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Journal articleNielles-Vallespin S, Khalique Z, Ferreira PF, et al., 2017,
Assessment of myocardial microstructural dynamics by in vivo diffusion tensor cardiac magnetic resonance, Journal of the American College of Cardiology, Vol: 69, Pages: 661-676, ISSN: 0735-1097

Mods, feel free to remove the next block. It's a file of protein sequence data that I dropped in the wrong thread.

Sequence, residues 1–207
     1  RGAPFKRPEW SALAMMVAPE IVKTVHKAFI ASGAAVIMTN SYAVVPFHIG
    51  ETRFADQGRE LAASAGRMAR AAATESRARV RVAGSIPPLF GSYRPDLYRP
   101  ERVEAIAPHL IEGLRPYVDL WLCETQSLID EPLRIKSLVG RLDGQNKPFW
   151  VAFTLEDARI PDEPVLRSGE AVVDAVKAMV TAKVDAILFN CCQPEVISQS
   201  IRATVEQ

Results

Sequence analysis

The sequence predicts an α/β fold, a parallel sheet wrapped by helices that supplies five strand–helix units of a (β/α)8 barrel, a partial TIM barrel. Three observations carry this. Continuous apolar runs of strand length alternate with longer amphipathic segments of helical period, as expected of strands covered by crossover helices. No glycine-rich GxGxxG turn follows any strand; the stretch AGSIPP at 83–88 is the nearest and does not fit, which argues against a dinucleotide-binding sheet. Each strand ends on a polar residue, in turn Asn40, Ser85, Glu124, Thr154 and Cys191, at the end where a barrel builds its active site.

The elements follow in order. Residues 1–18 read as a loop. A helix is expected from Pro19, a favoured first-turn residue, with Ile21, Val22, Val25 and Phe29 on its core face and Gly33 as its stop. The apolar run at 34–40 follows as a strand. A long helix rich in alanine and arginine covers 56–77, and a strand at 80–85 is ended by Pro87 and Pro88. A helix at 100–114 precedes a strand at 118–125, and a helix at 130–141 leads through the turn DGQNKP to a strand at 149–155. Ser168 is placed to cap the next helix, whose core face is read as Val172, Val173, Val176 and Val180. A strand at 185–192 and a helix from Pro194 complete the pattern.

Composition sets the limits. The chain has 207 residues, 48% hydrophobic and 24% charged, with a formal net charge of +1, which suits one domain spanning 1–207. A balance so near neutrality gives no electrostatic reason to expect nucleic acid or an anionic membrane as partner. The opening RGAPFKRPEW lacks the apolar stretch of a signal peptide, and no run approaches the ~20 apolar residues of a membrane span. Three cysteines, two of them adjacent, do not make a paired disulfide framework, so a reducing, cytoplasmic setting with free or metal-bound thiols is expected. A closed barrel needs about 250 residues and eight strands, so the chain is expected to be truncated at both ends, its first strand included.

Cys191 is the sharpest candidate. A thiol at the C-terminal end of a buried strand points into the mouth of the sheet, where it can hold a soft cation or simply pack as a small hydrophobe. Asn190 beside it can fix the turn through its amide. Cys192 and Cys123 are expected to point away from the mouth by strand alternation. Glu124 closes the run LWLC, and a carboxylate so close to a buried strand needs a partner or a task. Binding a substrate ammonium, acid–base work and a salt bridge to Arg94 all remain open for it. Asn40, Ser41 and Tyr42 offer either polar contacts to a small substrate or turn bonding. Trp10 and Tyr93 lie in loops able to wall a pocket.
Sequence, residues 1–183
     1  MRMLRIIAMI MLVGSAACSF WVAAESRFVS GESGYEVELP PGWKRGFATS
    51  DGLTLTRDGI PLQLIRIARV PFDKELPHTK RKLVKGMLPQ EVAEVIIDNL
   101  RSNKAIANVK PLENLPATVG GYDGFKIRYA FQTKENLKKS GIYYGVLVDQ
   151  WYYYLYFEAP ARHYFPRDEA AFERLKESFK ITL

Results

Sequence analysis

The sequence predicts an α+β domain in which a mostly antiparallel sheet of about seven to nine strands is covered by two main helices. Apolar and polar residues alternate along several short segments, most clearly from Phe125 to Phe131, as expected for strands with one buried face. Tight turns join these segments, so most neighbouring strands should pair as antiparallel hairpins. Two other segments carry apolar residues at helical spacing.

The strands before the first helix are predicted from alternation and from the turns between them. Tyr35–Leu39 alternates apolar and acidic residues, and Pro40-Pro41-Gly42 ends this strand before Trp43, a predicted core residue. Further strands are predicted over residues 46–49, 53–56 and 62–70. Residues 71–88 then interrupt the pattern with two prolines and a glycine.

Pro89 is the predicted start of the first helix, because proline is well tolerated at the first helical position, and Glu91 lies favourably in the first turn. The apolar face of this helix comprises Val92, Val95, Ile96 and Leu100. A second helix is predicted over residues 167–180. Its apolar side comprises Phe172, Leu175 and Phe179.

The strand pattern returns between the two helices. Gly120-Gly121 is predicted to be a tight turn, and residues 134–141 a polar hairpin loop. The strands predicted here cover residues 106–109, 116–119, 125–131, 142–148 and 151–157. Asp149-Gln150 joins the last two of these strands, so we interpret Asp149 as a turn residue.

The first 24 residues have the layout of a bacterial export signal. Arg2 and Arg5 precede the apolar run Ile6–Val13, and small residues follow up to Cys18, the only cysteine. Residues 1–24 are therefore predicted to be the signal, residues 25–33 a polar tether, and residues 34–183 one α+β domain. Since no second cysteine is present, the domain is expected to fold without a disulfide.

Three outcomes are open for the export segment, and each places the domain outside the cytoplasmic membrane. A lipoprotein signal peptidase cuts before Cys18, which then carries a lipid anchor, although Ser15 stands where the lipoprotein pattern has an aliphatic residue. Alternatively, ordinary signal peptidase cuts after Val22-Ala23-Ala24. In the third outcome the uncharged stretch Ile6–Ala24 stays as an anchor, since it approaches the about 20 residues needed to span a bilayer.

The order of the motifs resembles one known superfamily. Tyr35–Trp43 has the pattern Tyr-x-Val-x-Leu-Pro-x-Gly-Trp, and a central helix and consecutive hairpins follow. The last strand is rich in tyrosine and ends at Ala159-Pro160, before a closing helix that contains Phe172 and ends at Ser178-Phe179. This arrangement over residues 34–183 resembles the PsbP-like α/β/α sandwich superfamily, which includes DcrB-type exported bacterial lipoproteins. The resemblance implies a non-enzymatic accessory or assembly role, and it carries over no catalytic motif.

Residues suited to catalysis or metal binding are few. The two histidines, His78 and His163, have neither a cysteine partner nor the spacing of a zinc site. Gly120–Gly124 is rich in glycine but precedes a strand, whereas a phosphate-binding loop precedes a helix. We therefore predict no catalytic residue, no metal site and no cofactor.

BackgroundCardiomyocytes are organized in microstructures termed sheetlets that reorientate during left ventricular thickening. Diffusion tensor cardiac magnetic resonance (DT-CMR) may enable noninvasive interrogation of in vivo cardiac microstructural dynamics. Dilated cardiomyopathy (DCM) is a condition of abnormal myocardium with unknown sheetlet function.ObjectivesThis study sought to validate in vivo DT-CMR measures of cardiac microstructure against histology, characterize microstructural dynamics during left ventricular wall thickening, and apply the technique in hypertrophic cardiomyopathy (HCM) and DCM.MethodsIn vivo DT-CMR was acquired throughout the cardiac cycle in healthy swine, followed by in situ and ex vivo DT-CMR, then validated against histology. In vivo DT-CMR was performed in 19 control subjects, 19 DCM, and 13 HCM patients.ResultsIn swine, a DT-CMR index of sheetlet reorientation (E2A) changed substantially (E2A mobility ∼46°). E2A changes correlated with wall thickness changes (in vivo r2 = 0.75; in situ r2 = 0.89), were consistently observed under all experimental conditions, and accorded closely with histological analyses in both relaxed and contracted states. The potential contribution of cyclical strain effects to in vivo E2A was ∼17%. In healthy human control subjects, E2A increased from diastole (18°) to systole (65°; p < 0.001; E2A mobility = 45°). HCM patients showed significantly greater E2A in diastole than control subjects did (48°; p < 0.001) with impaired E2A mobility (23°; p < 0.001). In DCM, E2A was similar to control subjects in diastole, but systolic values were markedly lower (40°; p < 0.001) with impaired E2A mobility (20°; p < 0.001).ConclusionsMyocardial microstructure dynamics can be characterized by in vivo DT-CMR. Sheetlet function was abnormal in DCM with altered systolic conformation and reduced mobility, contrasting with HCM, which showed reduced mobility with alte